Dong Ngo rounds up of the five best NAS servers so far in terms of performance, features, and price.
Dong NgoSF Labs Manager, Editor / Reviews
CNET editor Dong Ngo has been involved with technology since 2000, starting with testing gadgets and writing code for CNET Labs' benchmarks. He now manages CNET San Francisco Labs, reviews 3D printers, networking/storage devices, and also writes about other topics from online security to new gadgets and how technology impacts the life of people around the world.
If you don't know what an NAS server is, it's basically a storage device that connects to your network, much like an external hard drive connects to a computer. An NAS server, therefore, provides storage space for every computer in the network, not just one particular machine.
Over the years, NAS servers have become more and more sophisticated, and now all are much more than just storage space hosts. Features that used to be considered cutting-edge--like Media Server, which allows the NAS to automatically stream digital content to other devices in the network such as computers or game consoles, or remote access over the Internet--now come standard with most, if not all, NAS servers.
Some servers even function in place of other home electronics. Servers from Synology, for example, can also be used as a data recorder to work like a surveillance system. The Synonymy DS410 can support up to 12 different IP cameras and its surveillance station feature is more sophisticated than most existing systems used by homes and small businesses.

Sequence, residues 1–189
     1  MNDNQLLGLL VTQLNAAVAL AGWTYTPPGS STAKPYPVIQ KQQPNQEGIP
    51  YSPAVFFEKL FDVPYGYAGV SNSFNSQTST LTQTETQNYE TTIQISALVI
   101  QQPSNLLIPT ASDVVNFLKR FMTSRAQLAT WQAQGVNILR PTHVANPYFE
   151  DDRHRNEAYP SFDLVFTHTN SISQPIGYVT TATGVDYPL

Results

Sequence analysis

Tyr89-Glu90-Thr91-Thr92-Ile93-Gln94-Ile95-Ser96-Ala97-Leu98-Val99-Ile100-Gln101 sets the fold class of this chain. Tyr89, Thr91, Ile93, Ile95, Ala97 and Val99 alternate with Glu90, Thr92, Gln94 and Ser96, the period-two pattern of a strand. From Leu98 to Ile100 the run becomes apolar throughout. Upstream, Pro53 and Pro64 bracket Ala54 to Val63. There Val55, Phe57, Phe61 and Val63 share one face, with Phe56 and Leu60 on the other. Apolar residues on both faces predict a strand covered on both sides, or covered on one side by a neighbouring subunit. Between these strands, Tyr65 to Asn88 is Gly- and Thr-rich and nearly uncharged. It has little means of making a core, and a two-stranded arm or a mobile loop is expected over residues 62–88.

The best thing about NAS servers is that they're designed to automate most of their tasks, so unlike with other traditional servers users don't need to do much. NAS servers also use much less power than tradition computers and don't require a monitor or a mouse and keyboard.
2010 is gearing up to be a good year for NAS servers, as most of those CNET has reviewed so far have been consistently better in terms of speeds and features than the servers of 2009. They're also more affordable.